Umbraco as a Service is still very new, so use it at your own risk. However, the potential is immense. It essentially gives you hosting, setup, source control, and Courier out of the box for a relatively small monthly fee. Baseline is a feature built into UaaS that allows you to create multiple websites based off of a starter (or "baseline") website. From what I understand, it uses Git under the hood, so any changes made to the baseline website can be merged into forked websites.


  • Ease of Use. This has the potential to make Umbraco vastly easier to setup and begin using for novices.
  • Improved Courier. Since Courier is used with UaaS, and the Umbraco core team will be partially supported by proceeds from UaaS, it is in their best interest to improve the quality of the Courier code base, which has historically been lacking. They seem to be calling this initiative "Umbraco Deploy".
  • Change Management. By spawning many websites from a few baselines, it should be much easier to manage change (e.g., deploy updates from one baseline to all derived websites).
  • Automatic Upgrades. Umbraco upgrades can be a pain, so the fact that they are done automatically is awesome.


  • Less Control. With UaaS, you are essentially tied to Azure and the way the Umbraco team does deployments, though you could probably export the site if you decided to host elsewhere.
  • Troubleshooting. Speaking from experience, Azure sites can be a real pain to troubleshoot. While their staging capability is nice, it can be slower than molasses at times. And depending on the type of Azure instance (e.g., cloud services), gaining access to the server itself can be troublesome.
  • Expensive Upgrades. If you need a staging server (rather than just dev/prod), you will need to upgrade from the 89 EUR/month plan to the 359 EUR/month plan (those are the current rates shown here).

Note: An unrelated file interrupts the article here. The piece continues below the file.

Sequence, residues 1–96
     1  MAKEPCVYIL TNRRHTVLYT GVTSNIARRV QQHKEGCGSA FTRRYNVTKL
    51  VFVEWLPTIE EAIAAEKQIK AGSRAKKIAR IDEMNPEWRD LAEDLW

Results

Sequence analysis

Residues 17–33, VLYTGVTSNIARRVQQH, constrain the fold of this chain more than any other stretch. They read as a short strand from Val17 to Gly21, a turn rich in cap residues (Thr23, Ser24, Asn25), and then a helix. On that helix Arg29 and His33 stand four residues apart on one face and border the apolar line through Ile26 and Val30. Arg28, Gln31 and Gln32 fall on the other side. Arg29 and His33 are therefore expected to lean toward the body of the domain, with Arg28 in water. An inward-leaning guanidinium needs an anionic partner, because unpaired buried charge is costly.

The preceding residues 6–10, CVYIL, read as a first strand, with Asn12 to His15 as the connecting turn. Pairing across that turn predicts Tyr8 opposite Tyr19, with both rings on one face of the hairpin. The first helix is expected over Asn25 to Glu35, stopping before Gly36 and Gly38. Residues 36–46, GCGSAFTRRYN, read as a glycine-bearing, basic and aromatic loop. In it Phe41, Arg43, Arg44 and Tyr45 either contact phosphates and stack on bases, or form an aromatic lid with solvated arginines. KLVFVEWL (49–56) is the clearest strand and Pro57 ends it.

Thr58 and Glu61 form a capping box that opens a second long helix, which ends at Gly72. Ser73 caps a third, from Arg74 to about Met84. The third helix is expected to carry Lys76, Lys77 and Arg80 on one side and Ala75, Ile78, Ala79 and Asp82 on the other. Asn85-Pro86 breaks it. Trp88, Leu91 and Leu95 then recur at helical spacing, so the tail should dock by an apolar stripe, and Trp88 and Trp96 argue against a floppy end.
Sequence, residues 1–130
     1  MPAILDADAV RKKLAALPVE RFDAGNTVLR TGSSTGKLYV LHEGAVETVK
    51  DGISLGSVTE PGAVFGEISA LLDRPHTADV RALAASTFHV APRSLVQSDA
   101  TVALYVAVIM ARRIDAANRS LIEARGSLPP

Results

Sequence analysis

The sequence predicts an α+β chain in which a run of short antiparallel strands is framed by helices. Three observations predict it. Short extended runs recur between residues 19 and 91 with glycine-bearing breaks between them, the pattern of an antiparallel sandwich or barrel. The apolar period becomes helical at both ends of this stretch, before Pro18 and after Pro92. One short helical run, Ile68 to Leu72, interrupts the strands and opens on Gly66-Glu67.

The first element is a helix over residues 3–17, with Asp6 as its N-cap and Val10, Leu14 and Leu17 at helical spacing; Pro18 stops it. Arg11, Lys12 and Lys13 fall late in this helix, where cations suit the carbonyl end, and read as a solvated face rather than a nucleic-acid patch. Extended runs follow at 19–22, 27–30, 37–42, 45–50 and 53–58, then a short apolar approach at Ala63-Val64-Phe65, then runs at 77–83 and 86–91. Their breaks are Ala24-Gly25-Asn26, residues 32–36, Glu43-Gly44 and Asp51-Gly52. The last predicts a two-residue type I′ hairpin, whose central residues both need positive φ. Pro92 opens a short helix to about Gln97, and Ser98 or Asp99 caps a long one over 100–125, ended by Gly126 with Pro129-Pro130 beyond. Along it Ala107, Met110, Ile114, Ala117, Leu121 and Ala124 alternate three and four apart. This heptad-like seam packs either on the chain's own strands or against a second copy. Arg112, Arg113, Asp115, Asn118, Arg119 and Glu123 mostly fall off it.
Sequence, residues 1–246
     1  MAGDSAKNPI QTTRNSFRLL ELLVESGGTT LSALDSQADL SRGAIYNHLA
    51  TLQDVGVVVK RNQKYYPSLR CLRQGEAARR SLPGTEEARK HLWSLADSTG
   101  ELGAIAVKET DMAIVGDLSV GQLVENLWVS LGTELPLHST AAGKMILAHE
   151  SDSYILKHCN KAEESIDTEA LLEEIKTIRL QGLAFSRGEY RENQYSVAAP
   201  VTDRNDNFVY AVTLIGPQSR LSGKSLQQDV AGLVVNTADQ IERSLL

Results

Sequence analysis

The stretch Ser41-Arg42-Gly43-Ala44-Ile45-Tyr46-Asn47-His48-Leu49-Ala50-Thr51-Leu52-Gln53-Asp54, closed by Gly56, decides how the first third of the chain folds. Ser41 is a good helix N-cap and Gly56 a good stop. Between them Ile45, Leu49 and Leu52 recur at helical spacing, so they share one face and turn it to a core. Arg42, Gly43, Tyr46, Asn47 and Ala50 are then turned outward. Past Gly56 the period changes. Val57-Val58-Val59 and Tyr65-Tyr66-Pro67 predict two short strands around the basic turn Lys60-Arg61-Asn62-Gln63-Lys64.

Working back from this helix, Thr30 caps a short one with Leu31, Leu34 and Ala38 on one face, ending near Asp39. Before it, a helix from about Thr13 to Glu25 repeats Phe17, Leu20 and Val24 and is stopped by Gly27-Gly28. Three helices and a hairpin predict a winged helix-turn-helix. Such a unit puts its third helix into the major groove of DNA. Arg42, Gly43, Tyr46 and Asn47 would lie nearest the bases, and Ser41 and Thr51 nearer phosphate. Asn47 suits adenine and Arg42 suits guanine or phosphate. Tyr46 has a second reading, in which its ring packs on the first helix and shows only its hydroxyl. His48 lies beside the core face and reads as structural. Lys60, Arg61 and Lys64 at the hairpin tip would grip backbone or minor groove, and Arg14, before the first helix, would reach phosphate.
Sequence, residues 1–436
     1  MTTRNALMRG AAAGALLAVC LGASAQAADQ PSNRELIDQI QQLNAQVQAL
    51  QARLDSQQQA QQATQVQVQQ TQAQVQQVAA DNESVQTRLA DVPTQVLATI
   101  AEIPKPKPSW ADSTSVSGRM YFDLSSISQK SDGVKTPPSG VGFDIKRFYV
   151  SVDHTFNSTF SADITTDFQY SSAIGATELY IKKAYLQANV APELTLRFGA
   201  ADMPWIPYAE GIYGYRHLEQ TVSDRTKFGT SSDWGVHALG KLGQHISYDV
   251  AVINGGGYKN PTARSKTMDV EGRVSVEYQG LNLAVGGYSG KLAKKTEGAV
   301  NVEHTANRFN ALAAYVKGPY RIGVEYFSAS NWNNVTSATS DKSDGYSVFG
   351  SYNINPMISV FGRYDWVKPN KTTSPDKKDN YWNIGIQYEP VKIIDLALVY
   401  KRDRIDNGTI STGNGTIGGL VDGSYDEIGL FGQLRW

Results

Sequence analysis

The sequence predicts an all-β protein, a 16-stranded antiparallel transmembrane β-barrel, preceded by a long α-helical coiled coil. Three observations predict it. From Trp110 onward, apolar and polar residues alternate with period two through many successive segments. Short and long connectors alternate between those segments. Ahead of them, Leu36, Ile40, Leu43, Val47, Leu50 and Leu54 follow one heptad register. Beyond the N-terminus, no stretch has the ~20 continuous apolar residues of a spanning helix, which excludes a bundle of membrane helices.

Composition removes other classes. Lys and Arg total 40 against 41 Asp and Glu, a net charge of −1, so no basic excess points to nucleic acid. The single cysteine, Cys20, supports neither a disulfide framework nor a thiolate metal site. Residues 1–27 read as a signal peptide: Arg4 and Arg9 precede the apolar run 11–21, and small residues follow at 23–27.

If you are in need of a blog, this seems like the most active and promising package available for Umbraco. After having worked with uBlogsy and uCommentsy and reviewed the code for Articulate, it seems to be hand over fist an improvement over the former two.


  • Well Engineered. Unlike comparable packages, Articulate seems to be very well engineered. I wouldn't expect many issues to crop up in terms of bugs and limitations.
  • Theming. The swappable theming system used by Articulate is really interesting. This is what many people expect out of a blogging engine. What's also exciting about this is that it gives Articulate room to grow to a more out of the box solution (i.e., usable instantly), in addition to it being usable as an integral part of an existing website.


  • Difficult to Integrate. I recently looked what it would take to integrate Articulate into an existing website I built, and it was mostly straightforward, with one exception. It seems Articulate makes use of a custom model, and I'm unsure if I could make use of my existing templates with that model. An article here claims it is possible, but I've yet to try it myself.


Photo Credits


Here are some resources you can refer to if you'd like to do your own research:

Of course, you can use the comments section below for any specific questions you may have.

Nicholas Westby

Nicholas is on Twitter as